P: Ah, but the abstract concept of furriness is not contained within the cat's body, but within a mind. In order for the abstraction to apply, it must first exist. Our understanding of the physical requires the existence of the mental, because understanding itself falls into the latter category.

    S: But there is no rational basis to presuppose that the mental is not ultimately a subcategory of the physical, rather than a separate category. A philosophical zombie, behaving as it does by definition identically to a real person, can equally well write philosophy papers about consciousness. Do you really suppose that real persons write philosophy papers about consciousness that are correct by coincidence?

    P: Ah, well, that is an issue with epiphenomenalism. But epiphenomenalists are weirdos like that. The general understanding is that the soul affects the body, as well as being affected by it.

    S: If we are talking about a phenomenon that both causes and is caused by the behavior of matter, then I must wonder in what sense it can be considered to be non-physical. It seems to me that this "soul", if it exists, is no less material than gravity. What would distinguish it as apart from the physical universe? We have time and time again observed violations of the laws of physics as we had understood them; when this happens, we say that we got the laws wrong, and attempt to formulate laws that are consistent with our observations. It is difficult to imagine an observation that would instead have to be described by saying "This phenomenon is outside the laws of nature".

    P: The difference is that physical forces like gravity are inherently interactions between pieces of matter, and thus cannot exist without matter. I cannot conceive of gravity without physical objects, but I can conceive of a mind that does not interact with matter. In this and in countless other regards, mental phenomena are conceptually distinct from physical phenomena.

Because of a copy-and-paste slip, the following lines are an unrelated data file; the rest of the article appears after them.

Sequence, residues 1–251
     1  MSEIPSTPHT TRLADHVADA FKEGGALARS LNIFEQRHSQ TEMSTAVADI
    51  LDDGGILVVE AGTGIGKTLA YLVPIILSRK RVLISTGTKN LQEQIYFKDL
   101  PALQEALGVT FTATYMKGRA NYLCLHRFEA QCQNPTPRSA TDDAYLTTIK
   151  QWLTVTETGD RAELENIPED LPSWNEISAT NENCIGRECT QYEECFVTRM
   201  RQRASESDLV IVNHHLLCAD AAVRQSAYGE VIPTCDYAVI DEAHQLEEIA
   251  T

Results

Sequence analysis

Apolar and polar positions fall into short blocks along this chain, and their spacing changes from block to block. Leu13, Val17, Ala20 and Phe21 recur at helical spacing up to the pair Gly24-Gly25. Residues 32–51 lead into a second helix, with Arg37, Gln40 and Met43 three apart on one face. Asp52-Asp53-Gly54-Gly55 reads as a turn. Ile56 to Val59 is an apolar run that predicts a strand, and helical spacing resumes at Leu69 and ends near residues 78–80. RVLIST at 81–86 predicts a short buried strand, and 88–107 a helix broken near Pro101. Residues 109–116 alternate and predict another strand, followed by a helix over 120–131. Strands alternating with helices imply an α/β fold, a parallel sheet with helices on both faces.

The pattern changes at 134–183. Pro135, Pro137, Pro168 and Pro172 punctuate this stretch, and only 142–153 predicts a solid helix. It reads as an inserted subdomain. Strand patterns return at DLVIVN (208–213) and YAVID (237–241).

S: But an event is a change, or changes, in state. If nothing has changed, then nothing has happened. "Matter", it seems to me, is what we call that which has states and experiences changes between them. We can imagine matter radically different from that with which we are familiar -- matter that is truly continuous rather than composed of fundamental particles, for instance -- but everything that happens must still happen to something. The mind must be embodied in something, even if it is not embodied in the brain. And I see no good reason to think that matter as we are familiar with it is somehow insufficient to serve as the hardware for the mind's software. It is difficult to see how I could be fully confident that it is sufficient without first understanding how consciousness works; and I do not understand how consciousness works. But, similarly, unless you have some sort of detailed model that explains consciousness, I do not see how you can rationally conclude that...

    And so on and so forth. None of this involves any appeal to any dogma. To the contrary, the interlocutors' dispute is entirely about what can be reasonably inferred from ordinary experience.

    Quote Originally Posted by Conradine View Post
    Choice involves at the very least two options. If there is only one option, it's a false choice.
    Quote Originally Posted by Conradine View Post
    If my choice could be predicted with 100% certainity, that would mean I'm an automaton, not a person.
    Let me see if I've got this right: If you definitely will do everything that you will do, then you have no choice to do otherwise, and therefore no free will. Thus, you can only have free will in the present if the future is indeterminate. Is that the argument?

    If that's so, then I have to wonder... Do you think that the past is indeterminate? Or do you think that everyone now dead never exercised free will in life? After all, if they definitely did everything that they did, then they had no choice to do otherwise, and therefore no free will, right?